By Sandy Alexander
WASHINGTON – A Maryland program to bring health insurance to poor children has exceeded supporters’ hopes, giving the state a head start on President Clinton’s call to reach even further into communities that lack health coverage.
Since July 1998, extensive community outreach has helped the state enroll over 64,000 children from low-income families in the Maryland Children’s Health Insurance Program (M-CHIP), surpassing its goal of 60,000 over three years.
“We’re showing that when we do a good, intensive outreach program it works,” said Jan Schmidt, government relations director for the Baltimore-based Advocates for Children and Youth.
The Maryland program provides health insurance coverage for children whose families earn up to twice the poverty level. Before it started, eligibility for state-funded health care was cut off at 185 percent of the poverty level for the youngest children and it could be cut off at 40 percent of the poverty level for older teens.
Clinton last week proposed $5.5 billion of new federal support for similar state programs aimed at increasing the number of children enrolled in state insurance programs. It was part of a broader $110 billion plan he will present to Congress to increase access to insurance for low-income families and other individuals who have difficulty getting coverage.
Debbie Chang, Maryland’s deputy secretary for health care financing, said the state has already done a lot of things that are in the president’s plan.
In Maryland, for example, many county health departments already collaborate with schools to make eligible families aware of M-CHIP and provide them with forms. The president has proposed spending $345 million over 10 years to allow school lunch programs to share information with Medicaid programs.
Where Maryland counties now make M-CHIP forms available in libraries, doctors’ offices, schools, community centers and other locations, Clinton has proposed spending $1.2 billion dollars over 10 years to authorize more sites to enroll children in such programs.
Clinton also wants to spend $4 billion to require states to simplify enrollment. When Maryland began its program, it created a streamlined, three- page, mail-in application.
“We’ve made it as easy as we can,” said Ned Wollman, assistant director of the state Medical Care Policy Administration’s Office of Eligibility. “We decided to do that right up front in July 1998.”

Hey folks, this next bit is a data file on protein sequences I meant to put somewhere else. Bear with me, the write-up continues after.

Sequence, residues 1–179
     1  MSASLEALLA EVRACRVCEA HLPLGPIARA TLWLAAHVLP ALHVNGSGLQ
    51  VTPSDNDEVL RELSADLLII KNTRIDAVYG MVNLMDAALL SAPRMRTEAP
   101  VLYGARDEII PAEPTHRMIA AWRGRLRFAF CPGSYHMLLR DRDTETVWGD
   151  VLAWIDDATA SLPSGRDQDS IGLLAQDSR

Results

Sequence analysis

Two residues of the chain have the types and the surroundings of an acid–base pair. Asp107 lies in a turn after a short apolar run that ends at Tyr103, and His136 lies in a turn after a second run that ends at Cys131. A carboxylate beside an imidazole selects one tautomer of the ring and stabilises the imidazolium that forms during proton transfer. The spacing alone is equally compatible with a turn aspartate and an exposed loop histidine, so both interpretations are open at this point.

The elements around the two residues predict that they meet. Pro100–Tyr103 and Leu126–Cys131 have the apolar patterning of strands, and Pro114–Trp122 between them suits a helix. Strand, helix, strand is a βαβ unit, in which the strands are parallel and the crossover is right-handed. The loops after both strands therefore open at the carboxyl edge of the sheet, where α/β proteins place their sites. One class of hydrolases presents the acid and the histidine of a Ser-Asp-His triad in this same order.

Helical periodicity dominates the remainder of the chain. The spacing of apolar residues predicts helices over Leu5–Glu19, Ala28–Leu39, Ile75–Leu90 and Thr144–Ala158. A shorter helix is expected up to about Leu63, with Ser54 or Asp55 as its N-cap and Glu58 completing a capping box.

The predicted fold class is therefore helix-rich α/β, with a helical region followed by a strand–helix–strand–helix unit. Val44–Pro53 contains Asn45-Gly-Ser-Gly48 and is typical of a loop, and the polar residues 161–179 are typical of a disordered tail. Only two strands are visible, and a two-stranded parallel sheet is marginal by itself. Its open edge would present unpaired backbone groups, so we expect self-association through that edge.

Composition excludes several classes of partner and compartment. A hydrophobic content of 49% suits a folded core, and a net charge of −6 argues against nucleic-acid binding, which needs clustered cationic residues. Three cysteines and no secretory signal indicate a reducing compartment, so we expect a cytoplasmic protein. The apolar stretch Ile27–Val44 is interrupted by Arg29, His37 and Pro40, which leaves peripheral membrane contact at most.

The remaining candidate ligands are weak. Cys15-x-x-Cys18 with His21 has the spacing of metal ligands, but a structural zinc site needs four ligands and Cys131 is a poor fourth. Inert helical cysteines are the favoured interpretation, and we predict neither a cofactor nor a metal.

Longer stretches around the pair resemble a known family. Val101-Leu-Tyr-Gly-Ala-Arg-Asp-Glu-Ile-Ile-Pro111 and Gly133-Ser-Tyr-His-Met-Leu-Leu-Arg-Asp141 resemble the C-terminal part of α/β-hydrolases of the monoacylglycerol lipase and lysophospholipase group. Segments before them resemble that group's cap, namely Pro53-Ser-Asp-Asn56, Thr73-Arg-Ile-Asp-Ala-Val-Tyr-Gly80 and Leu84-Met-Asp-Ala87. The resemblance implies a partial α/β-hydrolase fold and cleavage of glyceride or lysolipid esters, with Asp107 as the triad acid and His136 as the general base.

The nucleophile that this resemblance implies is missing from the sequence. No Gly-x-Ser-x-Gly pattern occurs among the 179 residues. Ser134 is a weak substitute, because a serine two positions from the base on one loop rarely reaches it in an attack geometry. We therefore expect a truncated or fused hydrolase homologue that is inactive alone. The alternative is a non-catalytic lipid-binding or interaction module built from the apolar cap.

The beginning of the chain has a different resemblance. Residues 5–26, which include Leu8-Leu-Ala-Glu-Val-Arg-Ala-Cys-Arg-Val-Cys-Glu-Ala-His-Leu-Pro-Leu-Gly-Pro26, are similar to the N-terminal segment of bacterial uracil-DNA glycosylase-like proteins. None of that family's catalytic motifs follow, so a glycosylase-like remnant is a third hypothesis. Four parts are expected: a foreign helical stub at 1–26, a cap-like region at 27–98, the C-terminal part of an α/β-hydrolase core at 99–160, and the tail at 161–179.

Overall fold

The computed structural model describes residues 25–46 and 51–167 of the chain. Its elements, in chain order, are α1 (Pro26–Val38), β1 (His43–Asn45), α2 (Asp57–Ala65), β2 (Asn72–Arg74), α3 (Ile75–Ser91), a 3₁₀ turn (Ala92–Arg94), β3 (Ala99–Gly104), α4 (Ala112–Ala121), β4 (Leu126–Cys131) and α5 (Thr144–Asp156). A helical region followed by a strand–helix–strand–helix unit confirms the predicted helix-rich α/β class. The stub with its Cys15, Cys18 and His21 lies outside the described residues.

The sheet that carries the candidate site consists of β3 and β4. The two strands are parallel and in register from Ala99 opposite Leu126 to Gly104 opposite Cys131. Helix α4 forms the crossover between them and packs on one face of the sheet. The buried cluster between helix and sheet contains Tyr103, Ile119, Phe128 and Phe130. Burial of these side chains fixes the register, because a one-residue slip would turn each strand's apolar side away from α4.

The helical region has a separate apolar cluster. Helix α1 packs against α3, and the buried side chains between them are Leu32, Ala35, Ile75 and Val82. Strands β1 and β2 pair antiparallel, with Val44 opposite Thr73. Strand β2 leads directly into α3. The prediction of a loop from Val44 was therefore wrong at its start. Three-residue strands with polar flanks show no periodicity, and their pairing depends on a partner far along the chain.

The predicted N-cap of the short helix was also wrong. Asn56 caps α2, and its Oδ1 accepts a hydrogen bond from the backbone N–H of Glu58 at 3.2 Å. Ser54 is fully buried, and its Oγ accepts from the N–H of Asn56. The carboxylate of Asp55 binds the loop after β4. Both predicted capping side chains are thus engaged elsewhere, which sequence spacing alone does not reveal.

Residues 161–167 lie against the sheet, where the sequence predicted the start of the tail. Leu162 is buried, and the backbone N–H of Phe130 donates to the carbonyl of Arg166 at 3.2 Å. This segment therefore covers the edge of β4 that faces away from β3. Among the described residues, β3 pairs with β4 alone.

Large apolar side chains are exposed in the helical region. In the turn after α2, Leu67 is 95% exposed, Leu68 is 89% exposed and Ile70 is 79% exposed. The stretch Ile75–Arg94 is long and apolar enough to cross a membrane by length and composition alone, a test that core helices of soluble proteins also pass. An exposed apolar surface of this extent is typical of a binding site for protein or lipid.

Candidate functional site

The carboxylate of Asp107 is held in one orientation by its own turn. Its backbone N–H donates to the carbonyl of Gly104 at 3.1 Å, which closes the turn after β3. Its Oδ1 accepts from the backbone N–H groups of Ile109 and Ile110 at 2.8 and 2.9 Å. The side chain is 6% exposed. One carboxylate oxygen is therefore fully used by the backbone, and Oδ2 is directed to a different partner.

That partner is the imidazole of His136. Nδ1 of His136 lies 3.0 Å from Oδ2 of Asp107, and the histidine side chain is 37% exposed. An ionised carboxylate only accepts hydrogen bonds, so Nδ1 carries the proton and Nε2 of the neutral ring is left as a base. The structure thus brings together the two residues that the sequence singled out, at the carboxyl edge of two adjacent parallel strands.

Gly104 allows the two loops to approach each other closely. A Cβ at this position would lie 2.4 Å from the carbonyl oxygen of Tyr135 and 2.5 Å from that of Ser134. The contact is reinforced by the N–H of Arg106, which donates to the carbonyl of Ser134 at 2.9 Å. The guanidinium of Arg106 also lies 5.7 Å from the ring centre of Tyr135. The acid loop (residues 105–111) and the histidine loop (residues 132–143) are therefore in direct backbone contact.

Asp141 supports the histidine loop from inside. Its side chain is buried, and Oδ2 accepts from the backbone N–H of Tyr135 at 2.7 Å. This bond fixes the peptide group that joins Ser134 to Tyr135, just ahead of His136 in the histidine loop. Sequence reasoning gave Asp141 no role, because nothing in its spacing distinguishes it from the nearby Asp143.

Maryland health officials have advertised M-CHIP statewide through billboards, posters in trains and buses, and radio spots. Local health departments have used health fairs, mailings and door-to-door campaigns in addition to traditional advertising and media coverage. Program information has even appeared in children’s report cards and on Halloween bags, movie screens and McDonald’s tray liners.
Local health departments also work with social service agencies, doctors, day care centers, schools, employers and community groups to reach potential enrollees, with much success, they said.
Anne Arundel County has enrolled well over 90 percent of the children that health officials estimated were eligible when the program began, said Mary Ann Woodzelle, division director for community outreach.
“We just can’t keep up with the volume of them,” she said. Her office is hiring more staff to handle paperwork from new applicants and from individuals applying for a continuation after a year on the program.
Charles County saw a 588 percent increase in enrollment over a previous children’s insurance program, said Marcia Miller, a county health department outreach worker. She said families in the program typically express a great sense of relief because “having uninsured children is pretty frightening.”
Schmidt said Advocates for Children and Youth will continue to help the state improve the program.
“We’re going in the right direction,” Schmidt said, but “we still have a lot of uninsured children.”
Her group wants to see more school involvement and ways to reach adolescents who may be eligible for the program. Advocates also want to make sure that services are comprehensive and that state tracking ensures that children are getting what they need.
“We’ve done a lot of thinking to improve the process and reach out to people, ” said Chang. “Maryland’s story is a success story in terms of enrolling people.”